Forging an Iron Woman: On the effects of piracy on gender in the 18th century Caribbean
AbstractPiracy in Caribbean during the 18th century affected numerous social issues including race, class, and nationality. However, it also effectively introduced ideas of sexual equality three hundred years ahead of its time by embracing a group historically rejected by both the general public and academic scholars alike: women. Female pirates like Anne Bonny and Mary Read thrived alongside their male counterparts, learning to benefit from both sexes by fighting like men in war and escaping execution through pregnancy. Despite the sharp social stratification found on land, life at sea afforded strong men and women the opportunity to escape the lives prescribed to them.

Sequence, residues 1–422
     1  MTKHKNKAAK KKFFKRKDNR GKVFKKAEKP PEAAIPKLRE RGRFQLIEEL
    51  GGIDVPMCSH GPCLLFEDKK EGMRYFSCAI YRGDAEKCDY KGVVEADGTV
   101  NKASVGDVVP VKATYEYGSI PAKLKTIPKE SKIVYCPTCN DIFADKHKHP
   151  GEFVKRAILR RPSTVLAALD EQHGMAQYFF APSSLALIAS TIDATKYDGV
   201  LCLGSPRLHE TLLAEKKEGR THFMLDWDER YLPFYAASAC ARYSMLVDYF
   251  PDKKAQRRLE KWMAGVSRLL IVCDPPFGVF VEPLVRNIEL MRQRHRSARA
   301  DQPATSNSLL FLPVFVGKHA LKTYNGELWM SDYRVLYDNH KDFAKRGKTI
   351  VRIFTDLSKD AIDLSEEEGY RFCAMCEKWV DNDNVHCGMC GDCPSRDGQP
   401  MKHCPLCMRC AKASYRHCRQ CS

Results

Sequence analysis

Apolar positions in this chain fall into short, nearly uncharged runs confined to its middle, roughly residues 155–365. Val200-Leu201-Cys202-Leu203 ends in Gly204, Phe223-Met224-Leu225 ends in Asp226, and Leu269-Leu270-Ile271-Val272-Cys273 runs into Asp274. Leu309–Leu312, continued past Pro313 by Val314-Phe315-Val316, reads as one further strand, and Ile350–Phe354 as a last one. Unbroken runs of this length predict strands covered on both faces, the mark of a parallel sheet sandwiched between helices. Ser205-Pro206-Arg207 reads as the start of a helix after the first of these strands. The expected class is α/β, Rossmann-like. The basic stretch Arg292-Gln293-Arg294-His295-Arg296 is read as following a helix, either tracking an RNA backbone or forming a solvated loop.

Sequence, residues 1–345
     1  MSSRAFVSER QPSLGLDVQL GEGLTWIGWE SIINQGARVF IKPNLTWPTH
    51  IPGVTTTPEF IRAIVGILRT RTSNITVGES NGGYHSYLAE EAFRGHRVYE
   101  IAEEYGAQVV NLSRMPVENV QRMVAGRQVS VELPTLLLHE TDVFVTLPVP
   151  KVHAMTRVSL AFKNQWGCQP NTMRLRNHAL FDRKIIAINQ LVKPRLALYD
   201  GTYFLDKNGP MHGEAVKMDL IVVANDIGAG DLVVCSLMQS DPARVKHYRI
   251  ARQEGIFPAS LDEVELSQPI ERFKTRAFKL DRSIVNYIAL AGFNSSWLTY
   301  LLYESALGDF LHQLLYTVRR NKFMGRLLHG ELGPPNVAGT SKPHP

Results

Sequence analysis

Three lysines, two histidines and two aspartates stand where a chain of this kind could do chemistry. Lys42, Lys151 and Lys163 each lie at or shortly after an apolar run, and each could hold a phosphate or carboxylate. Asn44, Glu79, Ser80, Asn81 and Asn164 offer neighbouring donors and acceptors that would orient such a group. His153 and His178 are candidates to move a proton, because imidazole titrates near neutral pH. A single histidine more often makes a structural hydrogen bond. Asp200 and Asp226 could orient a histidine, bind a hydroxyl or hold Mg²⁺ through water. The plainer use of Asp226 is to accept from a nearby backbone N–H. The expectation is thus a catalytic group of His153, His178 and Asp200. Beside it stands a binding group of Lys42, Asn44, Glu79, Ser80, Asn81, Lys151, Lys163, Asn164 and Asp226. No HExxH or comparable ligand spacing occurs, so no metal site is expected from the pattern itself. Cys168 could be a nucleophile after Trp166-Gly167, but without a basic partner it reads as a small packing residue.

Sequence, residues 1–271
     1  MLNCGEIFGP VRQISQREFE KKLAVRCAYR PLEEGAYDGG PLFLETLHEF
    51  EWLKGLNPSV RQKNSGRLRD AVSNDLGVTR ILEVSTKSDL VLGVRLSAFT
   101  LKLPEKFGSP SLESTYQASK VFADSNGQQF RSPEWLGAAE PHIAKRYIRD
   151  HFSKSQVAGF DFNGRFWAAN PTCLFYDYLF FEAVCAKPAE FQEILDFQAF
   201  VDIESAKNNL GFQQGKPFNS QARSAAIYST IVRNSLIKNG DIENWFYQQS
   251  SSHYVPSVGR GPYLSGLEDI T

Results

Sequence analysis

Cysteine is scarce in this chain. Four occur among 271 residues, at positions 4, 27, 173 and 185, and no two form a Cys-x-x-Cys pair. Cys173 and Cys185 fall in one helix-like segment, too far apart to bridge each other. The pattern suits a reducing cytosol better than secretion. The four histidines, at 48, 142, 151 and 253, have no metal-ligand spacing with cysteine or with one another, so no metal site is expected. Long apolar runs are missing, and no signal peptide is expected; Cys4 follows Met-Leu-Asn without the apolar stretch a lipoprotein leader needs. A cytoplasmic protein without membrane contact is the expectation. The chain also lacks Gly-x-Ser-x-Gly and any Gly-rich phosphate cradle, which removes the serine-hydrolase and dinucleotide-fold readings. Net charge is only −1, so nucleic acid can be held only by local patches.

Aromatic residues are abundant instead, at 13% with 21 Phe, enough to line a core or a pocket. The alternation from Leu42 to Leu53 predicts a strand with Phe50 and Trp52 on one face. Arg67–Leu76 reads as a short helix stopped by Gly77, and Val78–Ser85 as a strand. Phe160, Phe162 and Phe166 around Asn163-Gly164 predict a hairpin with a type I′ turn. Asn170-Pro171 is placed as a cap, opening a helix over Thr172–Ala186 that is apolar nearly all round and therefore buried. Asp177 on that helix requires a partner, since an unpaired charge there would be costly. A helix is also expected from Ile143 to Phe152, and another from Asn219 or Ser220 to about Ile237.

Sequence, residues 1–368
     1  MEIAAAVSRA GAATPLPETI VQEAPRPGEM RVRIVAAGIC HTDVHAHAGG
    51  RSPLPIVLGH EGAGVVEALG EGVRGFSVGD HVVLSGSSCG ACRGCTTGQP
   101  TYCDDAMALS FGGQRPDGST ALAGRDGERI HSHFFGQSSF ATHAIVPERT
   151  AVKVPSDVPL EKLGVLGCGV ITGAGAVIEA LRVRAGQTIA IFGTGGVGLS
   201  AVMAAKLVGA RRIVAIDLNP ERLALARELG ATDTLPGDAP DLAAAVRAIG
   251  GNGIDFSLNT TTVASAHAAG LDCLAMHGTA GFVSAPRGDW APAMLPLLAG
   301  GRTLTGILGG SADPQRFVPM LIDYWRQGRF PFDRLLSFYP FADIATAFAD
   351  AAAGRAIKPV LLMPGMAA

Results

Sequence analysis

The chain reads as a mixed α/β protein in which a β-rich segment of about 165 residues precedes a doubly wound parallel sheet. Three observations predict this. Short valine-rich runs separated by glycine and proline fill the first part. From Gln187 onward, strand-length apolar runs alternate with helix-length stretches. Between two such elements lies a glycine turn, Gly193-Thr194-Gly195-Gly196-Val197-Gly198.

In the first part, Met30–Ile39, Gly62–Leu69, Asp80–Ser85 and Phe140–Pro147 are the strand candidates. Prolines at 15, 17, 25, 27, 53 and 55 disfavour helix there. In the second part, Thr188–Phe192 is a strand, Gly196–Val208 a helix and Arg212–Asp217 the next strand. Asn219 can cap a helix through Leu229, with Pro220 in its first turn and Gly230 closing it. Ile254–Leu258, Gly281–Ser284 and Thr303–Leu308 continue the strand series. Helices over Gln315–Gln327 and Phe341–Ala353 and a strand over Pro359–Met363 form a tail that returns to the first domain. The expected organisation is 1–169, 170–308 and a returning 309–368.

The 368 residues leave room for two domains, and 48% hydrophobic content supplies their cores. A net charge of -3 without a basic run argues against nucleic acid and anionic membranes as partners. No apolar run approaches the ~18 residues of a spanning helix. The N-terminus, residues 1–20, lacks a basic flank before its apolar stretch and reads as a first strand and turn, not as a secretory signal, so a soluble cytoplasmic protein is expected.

How to Cite
HERNANDEZ, Christine Mae. Forging an Iron Woman: On the effects of piracy on gender in the 18th century Caribbean. Vanderbilt Undergraduate Research Journal, [S.l.], v. 5, july 2009. ISSN 1555-788X. Available at: <http://vurj.vanderbilt.edu/index.php/vurj/article/view/2812>. Date accessed: 26 apr. 2019. doi: https://doi.org/10.15695/vurj.v5i0.2812.
Humanities and Social Sciences
Copyright for articles published in this journal is retained by the authors, with first publication rights granted to Vanderbilt Undergraduate Research Journal. By virtue of their appearance in this open access journal, articles are available for wide dissemination at no cost to readers, with proper attribution, in educational and other non-commercial settings. For undergraduates jointly authoring a manuscript with a faculty member, we strongly encourage the student to discuss with the faculty mentor and the Editor if the copyright policy will constrain future publication efforts in professional journals.